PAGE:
Alzheimer's drug developer gets $20 million

by Jeanhee Kim

Biotechnology firm Axonyx Inc. says it has entered agreements with new institutional investors for a $20 million private placement, its third such financing deal in the past nine months.

The Manhattan-based company says it will use the proceeds to buy new technologies and fund working capital requirements focused on its core concern: central nervous system disorders, including Alzheimer's, Parkinson's and Lou Gehrig's diseases. Axonyx will sell 3.1 million shares at $6.50 each and issue five-year warrants for nearly 1 million more shares at $8.50 apiece. The increasing price of each private placement--last September 2003, the price was $3.25, and last January 2004 at $5.15--is a positive sign, "indicating that the company is perceived to be making progress," says Matthew Kaplan, senior biotech analyst at Punk Ziegel & Co., who rates the company a “buy.”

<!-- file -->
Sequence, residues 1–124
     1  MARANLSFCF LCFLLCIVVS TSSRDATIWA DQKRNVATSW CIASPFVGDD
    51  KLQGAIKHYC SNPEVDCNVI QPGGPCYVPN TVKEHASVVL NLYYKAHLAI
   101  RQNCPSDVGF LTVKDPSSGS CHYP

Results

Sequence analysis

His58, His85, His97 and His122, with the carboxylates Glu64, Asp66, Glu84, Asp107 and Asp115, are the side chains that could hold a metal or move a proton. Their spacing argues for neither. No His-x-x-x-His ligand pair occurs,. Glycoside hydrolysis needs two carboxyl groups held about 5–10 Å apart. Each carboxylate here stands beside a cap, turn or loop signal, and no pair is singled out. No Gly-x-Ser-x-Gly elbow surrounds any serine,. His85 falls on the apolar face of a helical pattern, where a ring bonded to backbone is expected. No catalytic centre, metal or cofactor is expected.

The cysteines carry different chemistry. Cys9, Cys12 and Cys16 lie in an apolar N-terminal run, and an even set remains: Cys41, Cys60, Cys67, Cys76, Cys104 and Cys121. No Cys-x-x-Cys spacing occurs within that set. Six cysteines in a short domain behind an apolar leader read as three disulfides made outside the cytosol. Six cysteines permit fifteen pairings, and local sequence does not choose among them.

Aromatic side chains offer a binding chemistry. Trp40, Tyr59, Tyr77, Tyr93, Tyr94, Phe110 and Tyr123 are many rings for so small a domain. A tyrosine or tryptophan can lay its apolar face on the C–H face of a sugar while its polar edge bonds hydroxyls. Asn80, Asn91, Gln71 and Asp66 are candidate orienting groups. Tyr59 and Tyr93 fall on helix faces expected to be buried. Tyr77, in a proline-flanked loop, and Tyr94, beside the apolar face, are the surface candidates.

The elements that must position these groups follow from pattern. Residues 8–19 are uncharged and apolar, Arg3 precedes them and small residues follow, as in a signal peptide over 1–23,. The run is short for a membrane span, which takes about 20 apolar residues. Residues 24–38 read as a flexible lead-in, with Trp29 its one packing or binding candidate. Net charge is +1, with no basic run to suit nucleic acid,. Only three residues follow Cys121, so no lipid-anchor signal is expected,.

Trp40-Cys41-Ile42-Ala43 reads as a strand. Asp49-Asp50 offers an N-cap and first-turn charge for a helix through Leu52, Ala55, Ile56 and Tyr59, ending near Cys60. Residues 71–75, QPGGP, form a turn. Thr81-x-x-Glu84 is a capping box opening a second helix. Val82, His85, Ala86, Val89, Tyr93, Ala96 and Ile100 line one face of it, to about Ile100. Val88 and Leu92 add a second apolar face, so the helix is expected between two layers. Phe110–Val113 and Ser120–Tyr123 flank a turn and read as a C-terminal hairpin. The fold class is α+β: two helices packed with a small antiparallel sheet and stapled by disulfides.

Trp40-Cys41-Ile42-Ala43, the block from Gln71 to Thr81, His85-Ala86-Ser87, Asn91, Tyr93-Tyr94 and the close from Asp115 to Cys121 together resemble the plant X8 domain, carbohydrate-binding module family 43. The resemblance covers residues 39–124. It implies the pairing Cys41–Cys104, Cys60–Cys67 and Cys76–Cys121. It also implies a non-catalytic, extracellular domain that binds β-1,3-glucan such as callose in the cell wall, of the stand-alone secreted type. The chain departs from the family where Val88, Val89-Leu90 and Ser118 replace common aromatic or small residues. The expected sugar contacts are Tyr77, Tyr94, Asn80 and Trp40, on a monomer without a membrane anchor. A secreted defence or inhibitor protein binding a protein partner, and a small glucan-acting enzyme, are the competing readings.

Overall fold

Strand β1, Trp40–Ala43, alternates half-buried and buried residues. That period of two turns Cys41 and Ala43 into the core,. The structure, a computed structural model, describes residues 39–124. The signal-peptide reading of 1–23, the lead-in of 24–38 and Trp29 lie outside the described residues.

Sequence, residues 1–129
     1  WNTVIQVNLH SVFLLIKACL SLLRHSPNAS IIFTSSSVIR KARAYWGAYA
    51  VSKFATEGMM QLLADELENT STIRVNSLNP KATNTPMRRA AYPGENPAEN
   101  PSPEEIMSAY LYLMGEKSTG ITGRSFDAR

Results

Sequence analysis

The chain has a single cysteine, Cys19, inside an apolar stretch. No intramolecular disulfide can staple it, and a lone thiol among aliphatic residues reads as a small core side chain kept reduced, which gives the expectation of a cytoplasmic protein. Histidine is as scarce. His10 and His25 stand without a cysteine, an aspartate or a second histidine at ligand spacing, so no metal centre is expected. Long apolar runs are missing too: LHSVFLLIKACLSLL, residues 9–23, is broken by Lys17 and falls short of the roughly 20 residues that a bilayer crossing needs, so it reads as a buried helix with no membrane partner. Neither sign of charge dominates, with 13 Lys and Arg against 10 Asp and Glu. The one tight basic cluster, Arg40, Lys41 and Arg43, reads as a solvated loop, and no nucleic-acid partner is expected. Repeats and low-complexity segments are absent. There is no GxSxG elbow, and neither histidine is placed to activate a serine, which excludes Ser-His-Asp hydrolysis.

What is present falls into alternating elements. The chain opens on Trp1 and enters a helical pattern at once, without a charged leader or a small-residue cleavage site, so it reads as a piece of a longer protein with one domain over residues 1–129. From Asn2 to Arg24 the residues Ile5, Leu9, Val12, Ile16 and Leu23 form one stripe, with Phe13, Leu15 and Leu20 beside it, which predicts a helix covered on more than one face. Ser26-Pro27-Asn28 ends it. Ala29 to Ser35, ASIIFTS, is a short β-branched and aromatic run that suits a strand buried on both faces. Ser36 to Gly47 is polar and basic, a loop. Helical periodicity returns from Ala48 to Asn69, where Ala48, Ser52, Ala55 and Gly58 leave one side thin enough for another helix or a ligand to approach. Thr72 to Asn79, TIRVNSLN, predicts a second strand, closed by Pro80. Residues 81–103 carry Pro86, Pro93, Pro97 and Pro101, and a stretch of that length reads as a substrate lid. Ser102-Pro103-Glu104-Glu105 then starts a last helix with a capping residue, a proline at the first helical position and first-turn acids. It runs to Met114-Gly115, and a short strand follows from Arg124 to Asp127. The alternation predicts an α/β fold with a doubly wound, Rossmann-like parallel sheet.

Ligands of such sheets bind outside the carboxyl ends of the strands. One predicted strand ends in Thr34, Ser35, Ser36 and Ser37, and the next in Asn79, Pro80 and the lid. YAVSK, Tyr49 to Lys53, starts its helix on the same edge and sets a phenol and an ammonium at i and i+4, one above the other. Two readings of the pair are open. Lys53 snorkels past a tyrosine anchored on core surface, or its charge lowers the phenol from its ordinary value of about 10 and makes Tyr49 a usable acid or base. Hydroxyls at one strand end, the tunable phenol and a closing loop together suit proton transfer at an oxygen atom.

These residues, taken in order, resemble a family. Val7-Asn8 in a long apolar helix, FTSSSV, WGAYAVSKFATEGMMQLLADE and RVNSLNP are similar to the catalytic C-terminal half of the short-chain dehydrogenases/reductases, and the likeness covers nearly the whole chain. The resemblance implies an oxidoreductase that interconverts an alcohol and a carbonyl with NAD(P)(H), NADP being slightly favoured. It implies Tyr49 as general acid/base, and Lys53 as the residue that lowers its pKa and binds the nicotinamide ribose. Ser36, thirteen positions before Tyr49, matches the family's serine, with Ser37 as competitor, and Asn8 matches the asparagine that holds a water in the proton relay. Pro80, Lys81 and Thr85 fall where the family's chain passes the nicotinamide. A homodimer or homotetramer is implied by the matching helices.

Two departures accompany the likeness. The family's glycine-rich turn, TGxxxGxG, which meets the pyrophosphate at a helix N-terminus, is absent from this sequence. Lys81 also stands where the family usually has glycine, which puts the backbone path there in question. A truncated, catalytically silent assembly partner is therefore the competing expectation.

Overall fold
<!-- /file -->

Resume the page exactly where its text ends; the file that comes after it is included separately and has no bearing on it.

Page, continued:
Axonyx’s lead product, an Alzheimer’s drug called phenserine, is in Phase III trials to evaluate its ability to improve memory. Phase II studies are looking at its ability to slow the progression of the disease. "We may have the first Alzheimer's drug that is a true disease modifier," says Chief Financial Officer Colin Neill. Both trials are taking place in Europe and are expected to be finished by the end of this year. Under the best-case scenario, Axonyx would apply for U.S. FDA approval in 2006, says Mr. Neill.

The company's stock, which traded as high as $20.75 in March 2000 and as low as 51 cents in late 2002, closed Thursday at $7.21. It was down 6.8% at 12:40 p.m. Tuesday, to $6.72.
Copyright 2004, Crain Communications, Inc